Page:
Although study results vary, there is convincing evidence that regular intake of red meat (beef, pork, or lamb) and processed meat (ham, bacon, pastrami, salami, cold cuts, hot dogs, sausage, etc.) increase the risk of developing colorectal cancer. Chicken does not seem to have the same effect or risk.

Research from Europe on 478,000 men and women showed that those who ate the most red meat (around 5 ounces or more a day) were about 33% more likely to develop colon cancer than those who ate less than an ounce a day on average. The study also showed that eating chicken did not increase or decrease their risk. However, a high intake of fish seemed to reduce colon cancer risk by about 33%.

An American study (looking at 148,610 people between the ages of 50 and 74) showed the effects of long-term meat consumption. Like the UK research, eating a lot of red meat (as well as processed meats) was linked to a substantial increase in the risk of colorectal cancer. On the other hand, long-term intake of a high fish and poultry diet appeared to be protective and decrease risk of colorectal cancer.

Smoked and high-temperature cooked meats

Population-based studies have found that eating a lot of fried, well-done, or barbecued meats is associated with more colorectal, pancreatic, and prostate cancer.

Harmful chemicals are formed when meats, such as beef, pork, fish, or poultry are cooked using high-temperatures. This is generally done by pan frying, deep frying, or grilling directly over an open flame. Similar harmful chemicals are also formed during charring or smoking of meats, such as barbequing. These chemicals that are produced are believed to cause DNA (genetic) changes that could promote cancer.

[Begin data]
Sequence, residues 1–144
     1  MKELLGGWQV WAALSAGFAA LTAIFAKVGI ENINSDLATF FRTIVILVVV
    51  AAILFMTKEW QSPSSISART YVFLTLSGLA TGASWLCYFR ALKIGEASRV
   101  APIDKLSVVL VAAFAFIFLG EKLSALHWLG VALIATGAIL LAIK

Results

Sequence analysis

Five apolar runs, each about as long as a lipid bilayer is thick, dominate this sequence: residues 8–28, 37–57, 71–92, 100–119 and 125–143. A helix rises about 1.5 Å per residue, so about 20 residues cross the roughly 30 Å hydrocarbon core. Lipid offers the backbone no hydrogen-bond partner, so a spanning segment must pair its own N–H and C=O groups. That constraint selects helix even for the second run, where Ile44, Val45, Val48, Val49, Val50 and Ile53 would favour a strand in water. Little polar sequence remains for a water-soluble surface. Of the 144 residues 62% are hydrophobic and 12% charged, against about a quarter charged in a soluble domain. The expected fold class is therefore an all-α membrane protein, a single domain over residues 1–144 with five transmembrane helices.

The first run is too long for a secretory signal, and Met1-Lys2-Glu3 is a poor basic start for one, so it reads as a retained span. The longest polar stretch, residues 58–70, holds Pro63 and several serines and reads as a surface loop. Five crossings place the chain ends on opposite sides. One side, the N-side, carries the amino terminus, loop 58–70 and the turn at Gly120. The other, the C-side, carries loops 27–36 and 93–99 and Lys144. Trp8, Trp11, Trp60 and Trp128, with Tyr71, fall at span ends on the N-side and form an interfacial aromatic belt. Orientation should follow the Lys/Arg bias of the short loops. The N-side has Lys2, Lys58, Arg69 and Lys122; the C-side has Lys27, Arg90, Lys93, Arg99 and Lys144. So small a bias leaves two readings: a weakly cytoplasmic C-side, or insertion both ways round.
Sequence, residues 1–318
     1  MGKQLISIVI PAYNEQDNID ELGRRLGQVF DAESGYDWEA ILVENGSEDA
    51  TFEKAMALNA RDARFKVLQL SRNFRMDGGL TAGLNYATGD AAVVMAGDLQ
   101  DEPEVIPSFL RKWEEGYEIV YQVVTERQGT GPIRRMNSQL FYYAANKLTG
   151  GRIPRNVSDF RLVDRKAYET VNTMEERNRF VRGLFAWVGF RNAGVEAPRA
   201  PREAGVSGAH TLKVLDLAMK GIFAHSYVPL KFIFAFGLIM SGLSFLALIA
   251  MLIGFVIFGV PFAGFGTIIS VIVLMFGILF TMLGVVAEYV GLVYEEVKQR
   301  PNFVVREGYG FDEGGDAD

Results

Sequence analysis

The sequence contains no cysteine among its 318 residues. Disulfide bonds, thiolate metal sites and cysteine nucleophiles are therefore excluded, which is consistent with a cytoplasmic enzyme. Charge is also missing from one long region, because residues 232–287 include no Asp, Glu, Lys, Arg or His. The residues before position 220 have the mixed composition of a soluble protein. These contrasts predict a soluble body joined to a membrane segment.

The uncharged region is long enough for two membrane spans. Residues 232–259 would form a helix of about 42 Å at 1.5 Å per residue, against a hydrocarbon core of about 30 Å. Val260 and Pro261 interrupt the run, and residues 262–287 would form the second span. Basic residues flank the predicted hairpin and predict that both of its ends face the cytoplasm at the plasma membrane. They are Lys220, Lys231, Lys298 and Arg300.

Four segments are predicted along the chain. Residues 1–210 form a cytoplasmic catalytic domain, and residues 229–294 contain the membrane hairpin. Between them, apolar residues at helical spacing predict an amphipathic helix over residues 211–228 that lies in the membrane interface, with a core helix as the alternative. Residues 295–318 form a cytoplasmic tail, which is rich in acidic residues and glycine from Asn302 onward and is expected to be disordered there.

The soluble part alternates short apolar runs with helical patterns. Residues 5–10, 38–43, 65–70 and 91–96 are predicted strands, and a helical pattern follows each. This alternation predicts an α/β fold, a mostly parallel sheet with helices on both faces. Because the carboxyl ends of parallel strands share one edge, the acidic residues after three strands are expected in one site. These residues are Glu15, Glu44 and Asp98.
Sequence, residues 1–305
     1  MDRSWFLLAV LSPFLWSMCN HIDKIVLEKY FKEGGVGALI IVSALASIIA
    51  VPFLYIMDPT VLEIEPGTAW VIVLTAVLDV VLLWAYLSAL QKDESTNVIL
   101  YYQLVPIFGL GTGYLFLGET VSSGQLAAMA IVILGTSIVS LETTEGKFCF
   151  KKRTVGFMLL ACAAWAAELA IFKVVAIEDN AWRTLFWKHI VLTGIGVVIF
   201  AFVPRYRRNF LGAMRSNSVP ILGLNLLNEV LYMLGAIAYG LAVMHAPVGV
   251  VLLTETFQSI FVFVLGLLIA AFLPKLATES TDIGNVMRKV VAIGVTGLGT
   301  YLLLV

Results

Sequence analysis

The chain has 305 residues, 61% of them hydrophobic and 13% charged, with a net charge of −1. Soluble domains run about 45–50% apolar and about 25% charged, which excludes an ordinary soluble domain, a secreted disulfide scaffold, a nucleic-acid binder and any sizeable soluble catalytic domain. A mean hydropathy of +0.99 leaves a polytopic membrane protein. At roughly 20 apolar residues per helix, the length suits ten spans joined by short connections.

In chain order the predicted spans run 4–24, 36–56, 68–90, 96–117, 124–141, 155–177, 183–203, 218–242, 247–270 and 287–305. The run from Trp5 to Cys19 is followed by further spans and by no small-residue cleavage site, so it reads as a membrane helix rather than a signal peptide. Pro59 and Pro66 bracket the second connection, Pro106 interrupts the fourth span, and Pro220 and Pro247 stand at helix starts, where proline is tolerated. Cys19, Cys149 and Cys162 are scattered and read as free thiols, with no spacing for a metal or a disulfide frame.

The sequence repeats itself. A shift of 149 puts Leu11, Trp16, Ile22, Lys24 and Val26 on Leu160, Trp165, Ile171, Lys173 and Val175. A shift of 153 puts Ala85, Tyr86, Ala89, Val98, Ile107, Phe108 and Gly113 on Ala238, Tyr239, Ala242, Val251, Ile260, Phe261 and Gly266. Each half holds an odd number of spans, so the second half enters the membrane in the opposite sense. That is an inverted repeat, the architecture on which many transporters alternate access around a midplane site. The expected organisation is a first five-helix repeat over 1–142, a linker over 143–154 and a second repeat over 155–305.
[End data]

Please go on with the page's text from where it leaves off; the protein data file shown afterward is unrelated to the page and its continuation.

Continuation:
Recommendations from experts

In 2007 the World Cancer Research Fund/American Institute for Cancer Research issued dietary guidelines recommending limiting red and processed meats, including smoked meats. Additionally, the World Cancer Research Fund/ American Institute for Cancer Research Continuous Update Project (WCRF/AICR CUP) recently released recommendations based on a review of 1,012 published studies. These new guidelines are unique in that they correlate the average amount of meat eaten daily with the risk of developing colorectal cancer.

Findings: Ounces of intake and the associated colorectal cancer risk:

  • 2.5 ounces of red meat per day (about 18 ounces/week) minimally increased risk
  • 3.5 ounces of red meat per day (24.5 ounces/week) increased risk by 17%
  • 7 ounces of red meat per day (49 ounces/week) increases by 34%

Processed meat carries an even higher risk:

  • 3.5 ounces per day increases risk by over 36%
  • 7 ounces per day increases risk by 72%

Try to limit processed meats, like hotdogs and cold cuts. And remember, while you want to limit high-temperature cooked meats, be sure that they are cooked to the proper temperature for food safety. And like with everything in the diet, remember, moderation is key.

Read more about colon cancer screening and prevention from David Carr-Locke, Chief of Digestive Diseases and Co-Director of the Center for Digestive Health at Beth Israel Medical Center.